• This is a scene from the video game "Animal Crossing: New Horizons."

    This is a scene from the video game "Animal Crossing: New Horizons." The Catholic News Service classification is A-I -- general patronage. The Entertainment Software Rating Board rating is E -- everyone. (CNS by Nintendo)

Nintendo's 'Animal Crossing: New Horizons' video game is kid-friendly

Adele Chapline Smith / CNS    |    04.09.2020
Category: Videogames


NEW YORK (CNS) -- One of the more endearing sagas from the Nintendo family has a new addition in "Animal Crossing: New Horizons."

The game, the fifth installment in the popular social simulation adventure series originally launched in 2001, is a kid-friendly title to which adults will also flock.

Gameplay is set on an island and starts off with the human character controlled by the player being given a tent and a loan by entrepreneur raccoon Tom Nook. Like Tom, all the other characters the protagonist encounters are anthropomorphized animals.

As with the other games in the franchise, there's no linear story line. Instead, gamers must accomplish a series of small tasks.

The island functions in real time, based on the clock settings in the Nintendo Switch itself. This means that players must wait for in-game activities to complete, such as for a house to finish being built.

Customization is a major element within the game. The persona the player controls, for instance, is customizable and, like his neighbors, he can decorate and expand his home to his liking. Furniture items can be purchased or crafted and there are numerous options for outfits.

One of the most appealing aspects of "Animal Crossing" is its positivity. All the villagers are friendly, cheerful and supportive of one another. The same attitude is fostered in players themselves as they're encouraged to be an uplifting influence on the island and its populace.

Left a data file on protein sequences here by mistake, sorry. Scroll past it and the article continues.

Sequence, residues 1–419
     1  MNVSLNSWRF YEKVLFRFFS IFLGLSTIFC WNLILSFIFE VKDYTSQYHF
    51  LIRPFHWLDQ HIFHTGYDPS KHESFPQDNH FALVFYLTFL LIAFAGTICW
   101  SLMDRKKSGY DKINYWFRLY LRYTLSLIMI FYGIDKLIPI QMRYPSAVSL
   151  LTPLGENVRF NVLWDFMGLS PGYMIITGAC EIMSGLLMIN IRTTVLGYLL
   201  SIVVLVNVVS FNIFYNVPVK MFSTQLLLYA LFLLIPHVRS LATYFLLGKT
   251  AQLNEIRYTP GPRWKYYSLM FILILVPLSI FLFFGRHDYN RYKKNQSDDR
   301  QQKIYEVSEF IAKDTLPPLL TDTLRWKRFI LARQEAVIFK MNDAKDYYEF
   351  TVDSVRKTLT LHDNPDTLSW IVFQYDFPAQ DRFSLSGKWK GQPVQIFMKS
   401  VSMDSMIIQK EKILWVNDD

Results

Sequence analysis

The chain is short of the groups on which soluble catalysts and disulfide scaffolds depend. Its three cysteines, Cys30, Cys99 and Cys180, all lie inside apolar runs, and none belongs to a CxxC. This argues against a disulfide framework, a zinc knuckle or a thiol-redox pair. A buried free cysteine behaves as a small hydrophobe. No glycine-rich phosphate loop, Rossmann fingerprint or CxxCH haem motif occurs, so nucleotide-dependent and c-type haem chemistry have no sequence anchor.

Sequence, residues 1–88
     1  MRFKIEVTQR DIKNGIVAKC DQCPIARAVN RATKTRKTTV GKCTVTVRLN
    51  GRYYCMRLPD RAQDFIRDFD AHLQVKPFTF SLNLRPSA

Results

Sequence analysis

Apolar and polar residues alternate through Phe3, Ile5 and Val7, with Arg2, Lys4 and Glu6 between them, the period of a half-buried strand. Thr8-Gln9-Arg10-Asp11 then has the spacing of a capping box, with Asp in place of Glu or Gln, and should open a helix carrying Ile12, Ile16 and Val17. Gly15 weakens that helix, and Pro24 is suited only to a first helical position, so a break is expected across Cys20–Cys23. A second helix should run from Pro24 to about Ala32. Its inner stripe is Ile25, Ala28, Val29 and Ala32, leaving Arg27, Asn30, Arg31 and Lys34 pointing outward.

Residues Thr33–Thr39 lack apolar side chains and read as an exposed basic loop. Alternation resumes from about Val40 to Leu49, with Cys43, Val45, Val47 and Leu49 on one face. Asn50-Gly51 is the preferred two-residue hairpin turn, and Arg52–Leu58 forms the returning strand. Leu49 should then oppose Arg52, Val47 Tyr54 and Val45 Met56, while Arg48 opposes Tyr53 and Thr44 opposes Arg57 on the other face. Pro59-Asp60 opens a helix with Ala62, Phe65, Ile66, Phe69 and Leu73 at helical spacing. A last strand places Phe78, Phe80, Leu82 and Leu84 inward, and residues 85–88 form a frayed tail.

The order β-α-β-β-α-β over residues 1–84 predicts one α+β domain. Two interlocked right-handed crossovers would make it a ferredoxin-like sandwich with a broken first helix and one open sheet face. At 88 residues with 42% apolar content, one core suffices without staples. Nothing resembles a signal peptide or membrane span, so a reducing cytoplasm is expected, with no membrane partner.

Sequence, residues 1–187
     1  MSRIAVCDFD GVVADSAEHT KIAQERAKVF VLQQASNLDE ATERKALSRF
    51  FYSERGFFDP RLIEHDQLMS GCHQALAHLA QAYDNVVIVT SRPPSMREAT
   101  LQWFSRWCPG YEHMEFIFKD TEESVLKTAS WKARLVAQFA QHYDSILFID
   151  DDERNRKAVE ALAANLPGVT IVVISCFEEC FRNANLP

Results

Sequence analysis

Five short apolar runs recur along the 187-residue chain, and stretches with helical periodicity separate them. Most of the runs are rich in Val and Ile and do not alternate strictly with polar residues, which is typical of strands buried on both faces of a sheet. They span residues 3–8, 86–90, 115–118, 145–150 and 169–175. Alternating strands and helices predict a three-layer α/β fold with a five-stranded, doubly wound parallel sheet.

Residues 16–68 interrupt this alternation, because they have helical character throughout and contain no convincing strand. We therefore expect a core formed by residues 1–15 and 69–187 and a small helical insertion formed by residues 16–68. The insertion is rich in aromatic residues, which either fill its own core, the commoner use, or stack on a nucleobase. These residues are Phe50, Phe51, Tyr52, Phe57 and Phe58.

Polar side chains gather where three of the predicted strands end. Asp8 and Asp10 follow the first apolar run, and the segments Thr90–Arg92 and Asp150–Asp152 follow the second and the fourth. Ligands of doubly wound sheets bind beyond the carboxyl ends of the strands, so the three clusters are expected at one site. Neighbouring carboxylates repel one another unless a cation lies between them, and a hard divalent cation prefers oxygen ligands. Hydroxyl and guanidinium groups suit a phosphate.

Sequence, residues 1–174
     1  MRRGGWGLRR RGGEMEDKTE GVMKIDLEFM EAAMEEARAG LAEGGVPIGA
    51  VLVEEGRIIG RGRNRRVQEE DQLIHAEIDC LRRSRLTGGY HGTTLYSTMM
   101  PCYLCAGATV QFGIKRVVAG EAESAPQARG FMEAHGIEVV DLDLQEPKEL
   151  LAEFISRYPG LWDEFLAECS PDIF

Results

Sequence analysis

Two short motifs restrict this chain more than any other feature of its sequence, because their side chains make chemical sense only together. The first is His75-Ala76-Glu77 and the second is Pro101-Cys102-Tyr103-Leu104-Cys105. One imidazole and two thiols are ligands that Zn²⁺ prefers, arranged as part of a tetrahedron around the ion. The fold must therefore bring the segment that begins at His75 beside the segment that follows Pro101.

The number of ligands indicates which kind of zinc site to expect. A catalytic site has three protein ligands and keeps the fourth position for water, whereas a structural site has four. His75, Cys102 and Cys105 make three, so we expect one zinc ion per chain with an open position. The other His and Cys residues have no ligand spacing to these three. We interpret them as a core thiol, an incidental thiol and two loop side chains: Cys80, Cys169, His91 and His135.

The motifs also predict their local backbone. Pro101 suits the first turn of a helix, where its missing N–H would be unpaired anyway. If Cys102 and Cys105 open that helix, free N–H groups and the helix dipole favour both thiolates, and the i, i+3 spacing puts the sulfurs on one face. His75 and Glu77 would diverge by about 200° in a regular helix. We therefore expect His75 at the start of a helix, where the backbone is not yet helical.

With the additional Nintendo Online subscription, players can visit the islands of those who are on their friends list. Unknown players cannot access someone else's island. Once a pal has visited the island, letters can be exchange through the game's "post office."

A downside to the game is the lack of different biomes. In addition to the main isle the gamer occupies, there are so-called mystery islands to which he or she can travel to explore and meet new animals. But there's not much variation in the landscape from one locale to the next, at least beyond what kinds of fruit trees grow in each.

This can feel repetitive, of course. But the upbeat tone and fun activities of the game more than compensate for this shortcoming.

"New Horizons" also contains small educational elements that are particularly helpful for youngsters. It promotes basic math skills, for instance, and teaches lessons about economics and commerce.

Similarly, budding readers will be able to practice their newfound literacy skills. Younger children, though, may need to have the dialogue read aloud to them.

Playable on Nintendo Switch.

The game contains cartoon mischief. The Catholic News Service classification is A-I -- general patronage. The Entertainment Software Rating Board rating is E -- everyone.

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Smith reviews video games for Catholic News Service.

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